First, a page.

Thanks Eric. I checked out your Bamboo suggestion, and it looks promising. We are fortunate to have many huckleberry bushes around us. But your post did broaden my perspective. I started remembering how much I love to eat rosehips. I think we could start eating from them the 2nd year, like blueberries. Any tips on roses?
 
Shai Jacob
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Location: Arkansas
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S Bengi wrote:Privet


Check out some other ideas, let me know which one you like the best.
https://www.bobvila.com/slideshow/the-best-10-plants-to-grow-for-backyard-privacy-50057#arborvitae-hedge-in-the-backyard



Thanks Bengi. I do love the smell of Privet, and I love that it grows fast and offers great privacy. I will keep it in mind, though I'm looking for something that offers a second use for us, such as food or fuel or building materials.
 
S Bengi
pollinator
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Grape
 
master pollinator
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Just another suggestion.  I wouldn't get caught up on the idea that you have to plant one thing. You can make a really useful and beautiful hedge by mixing species, or by taking S Bengi's idea of using privet, and then make a mixed species row directly inside it.  I don't know enough about bamboo to comment on that.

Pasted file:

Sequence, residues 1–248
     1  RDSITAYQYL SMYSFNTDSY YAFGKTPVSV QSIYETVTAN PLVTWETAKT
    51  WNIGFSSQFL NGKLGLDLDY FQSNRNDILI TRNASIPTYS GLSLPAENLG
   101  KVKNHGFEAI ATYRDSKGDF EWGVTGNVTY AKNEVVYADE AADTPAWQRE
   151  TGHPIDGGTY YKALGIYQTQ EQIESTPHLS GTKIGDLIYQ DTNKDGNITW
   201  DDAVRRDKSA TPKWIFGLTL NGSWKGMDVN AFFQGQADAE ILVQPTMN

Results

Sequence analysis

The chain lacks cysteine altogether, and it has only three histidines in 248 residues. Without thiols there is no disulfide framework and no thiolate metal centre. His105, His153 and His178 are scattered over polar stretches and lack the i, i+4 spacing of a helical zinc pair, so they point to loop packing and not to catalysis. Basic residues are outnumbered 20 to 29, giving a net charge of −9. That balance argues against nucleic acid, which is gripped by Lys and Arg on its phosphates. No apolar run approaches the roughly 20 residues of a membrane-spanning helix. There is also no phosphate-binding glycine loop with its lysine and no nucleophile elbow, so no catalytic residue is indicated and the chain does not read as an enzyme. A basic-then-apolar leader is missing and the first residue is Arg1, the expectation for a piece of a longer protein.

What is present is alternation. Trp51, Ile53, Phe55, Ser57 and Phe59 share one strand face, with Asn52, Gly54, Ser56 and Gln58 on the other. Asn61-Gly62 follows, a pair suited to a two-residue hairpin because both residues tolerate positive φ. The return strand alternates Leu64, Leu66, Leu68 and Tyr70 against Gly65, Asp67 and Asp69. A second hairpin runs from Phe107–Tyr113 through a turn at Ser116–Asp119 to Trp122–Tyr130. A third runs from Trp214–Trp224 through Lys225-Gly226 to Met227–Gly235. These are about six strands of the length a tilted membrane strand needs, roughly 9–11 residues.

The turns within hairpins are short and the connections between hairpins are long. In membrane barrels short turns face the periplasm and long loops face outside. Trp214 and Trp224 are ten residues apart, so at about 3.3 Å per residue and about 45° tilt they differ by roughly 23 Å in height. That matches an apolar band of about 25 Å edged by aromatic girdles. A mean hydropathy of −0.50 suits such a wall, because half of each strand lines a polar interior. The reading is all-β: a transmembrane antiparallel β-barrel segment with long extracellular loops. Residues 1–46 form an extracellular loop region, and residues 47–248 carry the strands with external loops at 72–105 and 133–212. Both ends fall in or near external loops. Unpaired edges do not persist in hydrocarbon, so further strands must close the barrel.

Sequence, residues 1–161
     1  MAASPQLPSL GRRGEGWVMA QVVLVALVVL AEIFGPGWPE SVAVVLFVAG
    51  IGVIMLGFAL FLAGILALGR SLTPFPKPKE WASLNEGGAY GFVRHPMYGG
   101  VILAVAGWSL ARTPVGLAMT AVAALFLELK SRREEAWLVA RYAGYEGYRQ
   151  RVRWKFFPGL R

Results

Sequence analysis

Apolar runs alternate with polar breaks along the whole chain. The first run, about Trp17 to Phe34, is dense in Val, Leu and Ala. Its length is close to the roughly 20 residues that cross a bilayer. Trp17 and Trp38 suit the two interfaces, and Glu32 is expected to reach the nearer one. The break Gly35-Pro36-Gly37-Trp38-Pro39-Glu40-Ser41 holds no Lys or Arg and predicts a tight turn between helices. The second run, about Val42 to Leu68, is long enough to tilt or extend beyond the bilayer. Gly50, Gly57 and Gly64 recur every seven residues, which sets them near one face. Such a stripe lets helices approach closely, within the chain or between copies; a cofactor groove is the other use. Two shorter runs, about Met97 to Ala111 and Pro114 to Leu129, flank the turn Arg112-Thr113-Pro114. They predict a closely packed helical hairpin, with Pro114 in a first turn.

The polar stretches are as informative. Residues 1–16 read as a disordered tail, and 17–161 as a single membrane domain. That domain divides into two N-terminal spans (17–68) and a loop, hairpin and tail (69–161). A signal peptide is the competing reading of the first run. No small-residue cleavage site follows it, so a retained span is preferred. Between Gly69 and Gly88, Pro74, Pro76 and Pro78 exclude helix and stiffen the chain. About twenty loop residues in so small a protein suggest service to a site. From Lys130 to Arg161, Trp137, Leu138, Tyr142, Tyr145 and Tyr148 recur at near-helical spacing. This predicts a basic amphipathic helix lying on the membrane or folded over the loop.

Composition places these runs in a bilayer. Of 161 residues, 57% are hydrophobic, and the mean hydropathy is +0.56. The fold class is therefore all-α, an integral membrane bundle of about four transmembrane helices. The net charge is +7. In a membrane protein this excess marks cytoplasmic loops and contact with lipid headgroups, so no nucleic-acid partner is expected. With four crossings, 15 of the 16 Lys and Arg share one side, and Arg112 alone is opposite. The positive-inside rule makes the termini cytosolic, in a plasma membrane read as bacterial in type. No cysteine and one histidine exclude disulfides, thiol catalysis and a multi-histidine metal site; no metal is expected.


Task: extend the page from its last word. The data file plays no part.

I'm creating a living fence right now that started with a row of Osage Orange as the main fence, but inside that with be a mixed species where the trees and bushes will be more randomly placed.  More diversity means more type of food species, as well as creating a much better habitat area for small creatures.
 
pollinator
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Are you looking for evergreens? That makes it harder to get food off of them, but beach where the leaves cling all winter is pretty close and the young leaves in the spring are edible and taste nice. a very dense hedge of hawthorn or something similar will give some privacy all year round and provide leaves, flowers and berries.
 
master steward
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Maybe several different shrubs together might work.

My suggestion would be rosemary.  I have it growing with roses.  Right now they are both the same height.

I liked the bamboo suggestion.  I have never grown it but love the look of it.

Another shrub that I like is both beautiful and useful is sumac.  I have not grown it and have only seen it growing wild.





https://en.wikipedia.org/wiki/Sumac



https://www.thekitchn.com/inside-the-spice-cabinet-sumac

Ground sumac is a versatile spice with a tangy lemony flavor, although more balanced and less tart than lemon juice. A small sprinkle also adds a beautiful pop of color to any dish

 
Eric Hanson
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Shai,